Read more: HRW news release and video. ‘When we’re dead and buried, our bones will keep hurting’: Workers’ rights under threat in US meat and poultry plants, HRW, September 2019. Source: Risks 914
PTSD linked to increased risk of ovarian cancer
Women who experienced six or more symptoms of post-traumatic stress disorder (PTSD) at some point in life had a twofold greater risk of developing ovarian cancer compared with women who never had any PTSD symptoms, according to a new study from researchers at Harvard T.H. Chan School of Public Health and Moffitt Cancer Center.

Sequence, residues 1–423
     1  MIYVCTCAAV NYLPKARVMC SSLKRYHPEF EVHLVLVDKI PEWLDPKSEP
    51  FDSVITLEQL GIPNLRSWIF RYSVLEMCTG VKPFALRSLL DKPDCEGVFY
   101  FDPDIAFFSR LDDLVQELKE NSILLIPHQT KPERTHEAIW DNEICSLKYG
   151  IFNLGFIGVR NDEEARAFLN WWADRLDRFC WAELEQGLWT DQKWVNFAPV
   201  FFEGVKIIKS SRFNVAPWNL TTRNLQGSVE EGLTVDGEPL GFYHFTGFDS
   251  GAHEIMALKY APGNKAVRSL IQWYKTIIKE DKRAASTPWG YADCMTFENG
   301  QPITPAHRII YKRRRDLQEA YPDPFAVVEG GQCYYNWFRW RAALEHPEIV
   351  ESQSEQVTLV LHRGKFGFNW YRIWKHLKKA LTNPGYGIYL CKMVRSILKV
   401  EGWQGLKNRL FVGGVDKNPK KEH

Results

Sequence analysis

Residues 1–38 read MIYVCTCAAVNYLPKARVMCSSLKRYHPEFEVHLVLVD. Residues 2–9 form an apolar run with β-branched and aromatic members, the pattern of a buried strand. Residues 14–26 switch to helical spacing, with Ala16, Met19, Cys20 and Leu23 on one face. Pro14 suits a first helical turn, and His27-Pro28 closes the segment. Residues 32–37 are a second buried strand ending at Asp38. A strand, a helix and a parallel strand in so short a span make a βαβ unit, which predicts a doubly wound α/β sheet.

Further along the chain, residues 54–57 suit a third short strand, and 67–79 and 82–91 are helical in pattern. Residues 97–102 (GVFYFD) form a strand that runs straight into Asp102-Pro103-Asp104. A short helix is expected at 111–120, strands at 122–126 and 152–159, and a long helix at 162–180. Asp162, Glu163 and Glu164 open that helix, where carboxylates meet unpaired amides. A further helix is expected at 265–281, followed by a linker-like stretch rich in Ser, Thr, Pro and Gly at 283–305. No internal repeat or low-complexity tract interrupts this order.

The findings indicate that having higher levels of PTSD symptoms, such as being easily startled by ordinary noises or avoiding reminders of the traumatic experience, can be associated with increased risks of ovarian cancer even decades after women experience a traumatic event. The study also found that the link between PTSD and ovarian cancer remained for the most aggressive forms of ovarian cancer.
To better understand how PTSD may influence ovarian cancer risk, researchers analyzed data from the Nurses’ Health Study II (US), which tracked the health of tens of thousands of women between 1989 and 2015 through biennial questionnaires and medical records. Participants were asked about ovarian cancer diagnosis on each questionnaire, and information was validated through a review of medical records.